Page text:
Never knew what I missed

The Everlys strike gold at the casino

Phil and Don Everly proved nobody else in rock’n’roll does it quite like they do last Saturday night at Feather Falls Casino.

Phil and Don Everly proved nobody else in rock’n’roll does it quite like they do last Saturday night at Feather Falls Casino.

photo by Sara Sipes

The Everly Brothers
Feather Falls Casino, Oroville, Saturday, July 21

If you missed the Everly Brothers at Feather Falls Casino in Oroville last weekend, you lost out on some absolutely great music. From the very first notes, those classic harmonies were still beautifully evident. Phil and Don’s voices only barely suggested the wear of time, still fitting together as perfectly as stones in an ancient Incan wall. You could see the intensity on their faces as they hit those notes.

Backed by a crack band of Nashville musicians, the singing siblings still have what it takes. Off-the-cuff, personable and engaging, both dressed in black suits with red, Western-accented braiding, faces a bit more lined, dark hair streaked with gray, Phil and Don were as enthusiastic to the crowd and the material as they must have been over 40 years ago when they scored their first hits.

And many of those hits were present: “Bye Bye Love,” “All I Have To Do Is Dream,” “Crying In the Rain,” “When Will I Be Loved,” “(’Til) I Kissed You,” “Cathy’s Clown,” “Wake Up Little Suzie,” and “Let It Be Me.” The duo also treated us to a few acoustic Kentucky ballads gleaned from their coal-miner-turned-entertainer father and a couple of rousing rock ‘n’ roll covers, originally penned and performed by Roy Orbison and Little Richard.

After two opening songs (the first one nobody I was with recognized, the second “Man of Kentucky"), Don Everly stepped back up to the mike and said, “I’m still Don, he’s still Phil, and we’re still the Everly Brothers.” They then treated us to the Warners-era ballad, “So Sad (To Watch Good Love Go Bad),” those voices producing that sweet adolescent sting perfectly accenting the heartbreak of the lyrics. Almost more than their material, the Everlys’ voices contain their genuine genius. In fact, ultimately, theirs are the voices that launched a thousand harmonizers, including Lennon and McCartney, Simon and Garfunkel, Edmunds and Lowe, and countless more. Yet, as is often the case, the originals are best (even fellow ‘50s star Chuck Berry years later proclaimed the Everlys’ harmonies “better than the Beatles'.” And he wasn’t putting the mop-tops down).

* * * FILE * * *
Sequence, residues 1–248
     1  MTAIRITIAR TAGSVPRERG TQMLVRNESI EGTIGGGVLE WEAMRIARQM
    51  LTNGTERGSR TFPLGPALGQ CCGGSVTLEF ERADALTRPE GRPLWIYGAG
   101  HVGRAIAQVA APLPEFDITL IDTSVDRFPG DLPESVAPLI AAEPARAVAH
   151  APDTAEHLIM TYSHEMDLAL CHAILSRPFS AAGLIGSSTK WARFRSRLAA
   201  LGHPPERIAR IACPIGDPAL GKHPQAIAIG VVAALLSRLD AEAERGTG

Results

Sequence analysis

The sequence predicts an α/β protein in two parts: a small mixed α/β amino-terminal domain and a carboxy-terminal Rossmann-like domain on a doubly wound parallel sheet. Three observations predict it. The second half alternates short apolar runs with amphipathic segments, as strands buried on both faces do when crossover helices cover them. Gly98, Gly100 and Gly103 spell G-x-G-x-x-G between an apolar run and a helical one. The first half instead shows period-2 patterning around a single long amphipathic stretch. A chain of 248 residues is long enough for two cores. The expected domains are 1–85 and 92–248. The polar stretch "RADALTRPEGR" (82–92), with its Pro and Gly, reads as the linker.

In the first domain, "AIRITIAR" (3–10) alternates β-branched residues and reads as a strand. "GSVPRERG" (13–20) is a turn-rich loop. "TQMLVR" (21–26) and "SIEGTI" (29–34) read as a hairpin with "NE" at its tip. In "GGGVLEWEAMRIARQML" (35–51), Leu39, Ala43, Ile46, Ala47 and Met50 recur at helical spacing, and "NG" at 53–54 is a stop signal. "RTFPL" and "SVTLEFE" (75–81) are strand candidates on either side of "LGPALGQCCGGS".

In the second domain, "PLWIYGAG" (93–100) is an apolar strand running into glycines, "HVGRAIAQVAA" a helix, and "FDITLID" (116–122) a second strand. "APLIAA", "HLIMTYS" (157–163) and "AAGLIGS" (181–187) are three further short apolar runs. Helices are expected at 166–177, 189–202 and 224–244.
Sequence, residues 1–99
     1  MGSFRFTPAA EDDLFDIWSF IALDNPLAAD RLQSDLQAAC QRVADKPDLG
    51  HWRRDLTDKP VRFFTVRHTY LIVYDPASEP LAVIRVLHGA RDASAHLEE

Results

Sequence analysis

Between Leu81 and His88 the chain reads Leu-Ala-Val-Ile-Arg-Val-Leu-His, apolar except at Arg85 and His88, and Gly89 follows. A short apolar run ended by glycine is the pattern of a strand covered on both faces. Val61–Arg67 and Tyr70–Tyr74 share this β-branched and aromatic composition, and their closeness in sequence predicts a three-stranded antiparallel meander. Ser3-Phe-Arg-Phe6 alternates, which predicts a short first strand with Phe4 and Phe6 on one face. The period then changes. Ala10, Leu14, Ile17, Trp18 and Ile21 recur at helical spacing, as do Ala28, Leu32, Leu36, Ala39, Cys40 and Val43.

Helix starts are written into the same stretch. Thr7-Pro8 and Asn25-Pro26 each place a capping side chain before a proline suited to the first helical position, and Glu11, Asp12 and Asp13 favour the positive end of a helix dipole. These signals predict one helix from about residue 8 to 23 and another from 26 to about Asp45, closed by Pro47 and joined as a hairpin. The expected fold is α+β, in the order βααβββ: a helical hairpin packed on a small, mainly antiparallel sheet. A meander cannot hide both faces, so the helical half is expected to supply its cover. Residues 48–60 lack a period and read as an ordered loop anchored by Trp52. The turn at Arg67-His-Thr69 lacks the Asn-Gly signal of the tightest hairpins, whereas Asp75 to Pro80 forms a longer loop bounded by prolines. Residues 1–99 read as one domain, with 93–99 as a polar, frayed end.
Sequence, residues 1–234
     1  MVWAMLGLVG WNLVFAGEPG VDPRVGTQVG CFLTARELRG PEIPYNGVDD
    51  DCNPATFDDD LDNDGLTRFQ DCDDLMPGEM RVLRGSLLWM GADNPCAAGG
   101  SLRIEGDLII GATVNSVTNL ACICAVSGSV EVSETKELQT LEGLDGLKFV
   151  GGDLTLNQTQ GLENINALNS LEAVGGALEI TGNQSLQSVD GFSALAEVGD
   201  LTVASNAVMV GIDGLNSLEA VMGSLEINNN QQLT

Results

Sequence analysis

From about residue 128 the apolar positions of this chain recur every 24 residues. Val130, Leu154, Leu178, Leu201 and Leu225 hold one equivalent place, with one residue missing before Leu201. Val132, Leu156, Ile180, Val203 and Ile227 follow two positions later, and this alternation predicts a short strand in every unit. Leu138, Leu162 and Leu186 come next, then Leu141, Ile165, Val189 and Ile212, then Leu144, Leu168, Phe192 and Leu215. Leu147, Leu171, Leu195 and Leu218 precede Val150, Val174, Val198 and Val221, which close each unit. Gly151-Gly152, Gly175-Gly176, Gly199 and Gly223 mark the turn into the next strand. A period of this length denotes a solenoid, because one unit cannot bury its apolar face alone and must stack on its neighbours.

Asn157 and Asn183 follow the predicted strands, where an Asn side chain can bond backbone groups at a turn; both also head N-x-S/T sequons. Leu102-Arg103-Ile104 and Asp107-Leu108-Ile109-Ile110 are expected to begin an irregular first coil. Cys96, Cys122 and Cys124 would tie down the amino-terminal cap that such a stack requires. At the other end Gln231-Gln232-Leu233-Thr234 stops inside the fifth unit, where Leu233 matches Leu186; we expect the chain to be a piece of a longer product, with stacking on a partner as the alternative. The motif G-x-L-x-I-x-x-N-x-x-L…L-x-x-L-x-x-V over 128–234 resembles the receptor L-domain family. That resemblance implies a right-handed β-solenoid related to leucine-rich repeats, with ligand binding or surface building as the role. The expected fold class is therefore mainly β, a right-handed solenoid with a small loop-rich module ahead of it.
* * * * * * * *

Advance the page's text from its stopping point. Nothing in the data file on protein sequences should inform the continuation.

The Everlys and their band tore through a rocking rendition of Roy Orbison’s “Claudette,” then introduced their next number by talking about the young lady they’d met in New York who’d given a song to them. The brothers produced an absolutely flawless version of the Carole King and Gerry Goffin-penned “Crying in the Rain.” “Phil wrote this one,” Don announced, and they let fly an upbeat, somewhat countrified “When Will I Be Loved,” having a bit of fun with the a cappella lines at the song’s conclusion.

Don then wryly warned us to “Get ready for some sad songs. … It’s the Everly medley,” the centerpiece of which was a heart-achingly fine “Love Hurts.”

Even with all the great hits dominating the evening’s entertainment, the actual high point was when the brothers, backed only by their own acoustic guitars and a mandolin player, performed music from their early childhood in a small Kentucky town. “These are songs our daddy taught us,” Don said. The singing, playing and feeling of those three pieces, the most readily recognizable being the Delmore Brothers’ “Blues Stay Away From Me,” were among the most satisfying of the evening.

Of special note were the excellent musicians backing the Everlys, who included former British session drummer Tony Newman, guitarist Jamie Hartford—son of famed Nashville session guitarist John Hartford—and renowned pedal steel player Buddy Emmons.